Wednesday, November 29, 2006

Karen Dalton

There's a tribute show at the Lumiere in London on December 2nd for Karen Dalton. Her bluesy, jazz tinged songs with a strong Billie Holliday overtones are real late night headphone classics. The re-release of It's So Hard to Tell Who's Going to Love You the Best earlier this year is highly recommended if you like the tracks below.

Listen: Karen Dalton: in the evening (it's hard to tell whos going to love you the best)

Listen: Karen Dalton: little bit of rain

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Santa Dog are also playing the Lumiere on the 9th Dec

Friday, November 17, 2006

Linda Perhacs

Well in the absence of any of my sister's posts we're back to more folky Friday, this time with Linda Perhacs, who like Minor Threat can fit her entire discography on a single CD - and gentle souls be rest assured that's pretty much the only comparison you can make between those two parties. Having put out one rather good album, Parallelograms in 1970, Linda disappeared from the scene. Not sounding quite as much like someone's mum as Vashti Bunyan, but without the gauche theatrics of Judee Sill I first encountered her on the Folk is not a four letter word compilation put together by Andy Votel (whose songs in the key of death is coming up sometime soon on lonesome, just to cheer things up).
Whilst you're out there shopping, or adding to your Christmas wishlists I can recommend the fuzzy-felt folk compilation too in a similarly warped folk vein.

Listen: Linda Perhacs - Chimacum Rain
Listen: Linda Perhacs - Hey, Who really cares?

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Wednesday, November 08, 2006

Brett Dennen Interview

Well this is the exception that proves the rule. I don't do interviews but since his new album is good enough for my wife to start playing in our kitchen at weekends (high praise indeed coming from her)... Excuse the clunky questions, the reply came as a word document, formatted as musical notation.

LM: How aware are you of music blogs and how do you feel about them giving away your songs for free?

A music what? Blog? What's that? You give my songs away for free? You can do that? I don't know how I feel about it. Who's doing this? Is that legal?

LM: What kind of musical education (if any) did you have? Was there music being made in your home? Did you have lessons at school? What instruments can you play?

I had a teacher one time who tried to learn me music real good. But I was too busy planning how I was going to create an image for myself. So I quit music schooling. I heard that you don't have to be good to be on the radio. So I learnt myself. My folks don't play no music. Dey just hear it.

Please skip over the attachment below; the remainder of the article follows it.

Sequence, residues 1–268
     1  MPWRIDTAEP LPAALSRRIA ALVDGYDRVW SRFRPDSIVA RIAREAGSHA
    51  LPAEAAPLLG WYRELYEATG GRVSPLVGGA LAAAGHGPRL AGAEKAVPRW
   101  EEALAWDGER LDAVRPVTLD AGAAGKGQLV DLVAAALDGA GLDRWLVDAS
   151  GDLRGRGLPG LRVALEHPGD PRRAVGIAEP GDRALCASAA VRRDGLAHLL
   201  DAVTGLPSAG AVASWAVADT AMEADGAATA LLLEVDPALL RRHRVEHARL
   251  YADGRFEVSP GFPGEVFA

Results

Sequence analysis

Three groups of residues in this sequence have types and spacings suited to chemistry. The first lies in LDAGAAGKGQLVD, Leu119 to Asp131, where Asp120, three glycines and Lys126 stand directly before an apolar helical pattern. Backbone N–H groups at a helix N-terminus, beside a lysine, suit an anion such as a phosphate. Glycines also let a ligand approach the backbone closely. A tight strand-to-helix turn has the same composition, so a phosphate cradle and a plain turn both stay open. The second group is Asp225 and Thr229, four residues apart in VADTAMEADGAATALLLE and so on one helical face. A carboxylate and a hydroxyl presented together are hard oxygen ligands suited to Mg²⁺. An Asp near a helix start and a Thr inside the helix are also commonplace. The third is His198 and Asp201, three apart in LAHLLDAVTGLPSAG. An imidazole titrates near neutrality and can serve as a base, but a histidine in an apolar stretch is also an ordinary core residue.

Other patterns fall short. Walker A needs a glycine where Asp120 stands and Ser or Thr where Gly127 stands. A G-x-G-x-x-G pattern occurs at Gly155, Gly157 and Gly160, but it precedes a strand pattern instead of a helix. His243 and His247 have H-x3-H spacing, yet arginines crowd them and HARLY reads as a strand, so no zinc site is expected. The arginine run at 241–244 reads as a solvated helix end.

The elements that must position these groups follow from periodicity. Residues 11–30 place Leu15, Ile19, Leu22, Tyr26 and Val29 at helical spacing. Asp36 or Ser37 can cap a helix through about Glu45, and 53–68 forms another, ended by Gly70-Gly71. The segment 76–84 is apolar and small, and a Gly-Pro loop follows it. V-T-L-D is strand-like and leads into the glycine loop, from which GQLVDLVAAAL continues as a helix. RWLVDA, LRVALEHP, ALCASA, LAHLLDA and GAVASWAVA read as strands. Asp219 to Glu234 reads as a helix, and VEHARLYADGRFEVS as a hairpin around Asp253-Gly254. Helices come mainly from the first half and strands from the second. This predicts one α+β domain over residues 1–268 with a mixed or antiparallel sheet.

LM: You've got some big names on the album, did you write with them in mind and how did you meet the rest of your band?

I didn't write with these musicians in mind. They came to me through the producer, Kevin McCormick. They are all folks that he knows. The Ozomatli guys I know from the Dave Matthews cruise. I met Randy, who drums with me onstage, in college at Santa Cruise. As for the rest of the band. Well, lets just say I used a service. I don't think there is any shame in it. I think it is hard to meet people today when everyone is so busy. I wanted to take the time to make sure it was a good match. These service things have compatibility questionnaires that you fill out. And deep questions I must add. Like, what do envision as a perfect back up singer?

LM: Your press biog, as all press biogs are wont to do, drops some pretty heavyweight names and all seemingly without using more than one paragraph. Who, would you say were your formative influences and whose career path seems the most attractive to you at this moment?

BD: I didn't write that bio. I wouldn't compare myself to them. All the career paths that are attractive end up in someone dying in the end. I'm not sure that's what I want to do.

LM: Your music feels organic, I wondered if you own a computer, and if you do, do you use it to write music?

BD: Well, it's not certified organic. You gotta have like a rabbi come and bless your pesticides for that. I do own a computer, but don't hack into it. That's where I keep all my lyrics and ideas for songs.

LM: Are you going to be touring the new album in the UK and around Europe?

BD: Yeah probably. We will for sure be playing in the UK. Europe too. I also wanna try and play in England. Maybe even New England.

LM: What were the last records/CDs/mp3s that you actually bought, like spent money on rather than just were given?

BD: Today I bought the latest Johnny Cash American Recording, the new Madeline Peyroux and Antony and the Johnsons.

LM: and finally, for my own personal curiosity, how many guitars do you own? I like your small mahogany guitar, does it have a history?

BD: Four, but I don't actually own them. I more like, have an unattached open relationship with them. They aren't even really guitars, they are more like women. Older wealthier women who are way out of my league. Not like elder, but like older than me. Like in their late thirties.

LM: Thanks for taking the time to answer these, maybe after the next record you'll be able to just dictate answers and have someone type them in.

BD: Yea, I'm open to that.

Listen: Brett Dennen: Ain't no reason
Listen: Brett Dennen - She's Mine (possibly the most upbeat thing I've ever posted here apart from Dolly singing If)


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Wednesday, November 01, 2006

Mindy Smith - Long Island Shores

This came out a couple of weeks ago, and I've been enjoying it whilst watching the planes coming in to land at Heathrow for the last week. A lovely mixture of americana and rock with lashings of pedal steel/lap steel/bluegrass mandolin - what's not to love?

Listen: Mindy Smith - Tennessee
Listen: Mindy Smith - What if the world stops turning

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